Thrombolysis in thromboembolic diseases
- Cite this article as:
- Gulba, D.C. & Dechend, R. Ann Hematol (1994) 69: S41. doi:10.1007/BF02215958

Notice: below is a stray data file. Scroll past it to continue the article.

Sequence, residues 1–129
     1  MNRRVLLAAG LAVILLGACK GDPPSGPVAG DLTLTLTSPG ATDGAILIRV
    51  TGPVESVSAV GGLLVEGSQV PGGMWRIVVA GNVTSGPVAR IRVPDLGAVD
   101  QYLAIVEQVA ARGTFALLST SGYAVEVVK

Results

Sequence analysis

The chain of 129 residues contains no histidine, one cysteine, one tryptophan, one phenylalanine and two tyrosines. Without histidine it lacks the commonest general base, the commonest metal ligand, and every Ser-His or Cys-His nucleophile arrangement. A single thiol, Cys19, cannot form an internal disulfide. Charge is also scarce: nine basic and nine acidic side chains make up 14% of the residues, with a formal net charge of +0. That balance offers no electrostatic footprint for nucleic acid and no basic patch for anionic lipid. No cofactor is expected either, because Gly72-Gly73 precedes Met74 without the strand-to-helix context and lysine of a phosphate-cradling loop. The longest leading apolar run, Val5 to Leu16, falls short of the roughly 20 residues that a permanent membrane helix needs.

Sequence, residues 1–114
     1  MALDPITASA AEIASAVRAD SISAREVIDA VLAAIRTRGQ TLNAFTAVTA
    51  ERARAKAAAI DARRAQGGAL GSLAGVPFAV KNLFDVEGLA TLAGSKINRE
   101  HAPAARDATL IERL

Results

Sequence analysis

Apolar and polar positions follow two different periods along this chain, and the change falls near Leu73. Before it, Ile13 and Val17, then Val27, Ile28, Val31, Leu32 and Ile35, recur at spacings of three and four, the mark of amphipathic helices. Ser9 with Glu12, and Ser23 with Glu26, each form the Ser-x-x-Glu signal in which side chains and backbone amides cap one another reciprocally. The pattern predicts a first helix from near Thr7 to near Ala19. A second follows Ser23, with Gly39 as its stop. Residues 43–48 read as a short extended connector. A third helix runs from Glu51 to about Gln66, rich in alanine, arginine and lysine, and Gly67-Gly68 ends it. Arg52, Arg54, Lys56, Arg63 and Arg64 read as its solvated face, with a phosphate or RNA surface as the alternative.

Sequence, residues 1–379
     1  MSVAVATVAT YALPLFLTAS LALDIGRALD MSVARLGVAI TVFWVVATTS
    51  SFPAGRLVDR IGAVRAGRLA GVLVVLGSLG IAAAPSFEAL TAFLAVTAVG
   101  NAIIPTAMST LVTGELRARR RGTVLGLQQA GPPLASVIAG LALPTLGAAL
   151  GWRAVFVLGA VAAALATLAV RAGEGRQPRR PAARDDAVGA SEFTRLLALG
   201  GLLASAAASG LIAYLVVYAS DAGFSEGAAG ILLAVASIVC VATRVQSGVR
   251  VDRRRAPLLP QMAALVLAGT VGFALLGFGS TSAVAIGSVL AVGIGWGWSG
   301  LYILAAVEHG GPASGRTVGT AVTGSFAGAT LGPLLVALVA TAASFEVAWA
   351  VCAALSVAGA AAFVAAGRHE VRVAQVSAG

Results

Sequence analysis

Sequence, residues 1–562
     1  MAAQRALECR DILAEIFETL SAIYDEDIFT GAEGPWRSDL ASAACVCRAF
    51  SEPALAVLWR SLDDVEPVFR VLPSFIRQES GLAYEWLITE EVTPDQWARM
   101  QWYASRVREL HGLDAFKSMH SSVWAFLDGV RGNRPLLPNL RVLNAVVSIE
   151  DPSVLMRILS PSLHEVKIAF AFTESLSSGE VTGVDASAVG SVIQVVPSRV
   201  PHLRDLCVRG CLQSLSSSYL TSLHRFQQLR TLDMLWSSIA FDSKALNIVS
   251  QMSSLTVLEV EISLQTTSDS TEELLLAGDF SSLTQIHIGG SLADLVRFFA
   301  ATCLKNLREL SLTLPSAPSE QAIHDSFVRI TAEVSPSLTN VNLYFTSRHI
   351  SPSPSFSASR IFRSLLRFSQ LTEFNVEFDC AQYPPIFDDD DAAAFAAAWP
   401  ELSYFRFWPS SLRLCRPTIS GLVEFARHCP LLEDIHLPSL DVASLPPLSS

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Thrombolysis in many manifestations of thromboembolic disease offers a valuable alternative to surgery. However, as thrombolysis is always associated with a bleeding hazard (though low) one should always weigh the risks against the expected benefits when the decision for or against this therapeutic option is made. Furthermore, in selecting the appropriate thrombolytic agent, one should be led by the urgency of reperfusion to maintain organ function. If one decides on an aggressive, high-dose, brief-duration regimen, reperfusion may be achieved more rapidly but may be incomplete in the majority of cases. On the other hand, by selecting an intermediate- or long-duration, low-dose regimen, reperfusion may happen too late to improve the patient's prognosis. Above all, one should keep in mind that the hazard of serious bleeding constantly increases with duration of thrombolysis. No matter which strategy is regarded as the best to resolve a clot in a particular patient with a particular type of thromboembolic disease, thrombolysis should be accompanied by high doses of i.v. heparin. Finally, if bleeding occurs in spite of all precautions taken, the new generation of fibrinspecific thrombolytic agents offers the advantage of short half-lives. In addition—in contrast to streptokinase—the hemostatic defect that they cause may be rapidly reversed by the infusion of antagonistic drugs such as aprotinin, tranexamic acid, or ɛ-aminocaproic acid. This adds to the clinical safety profile of these thrombolytic agents.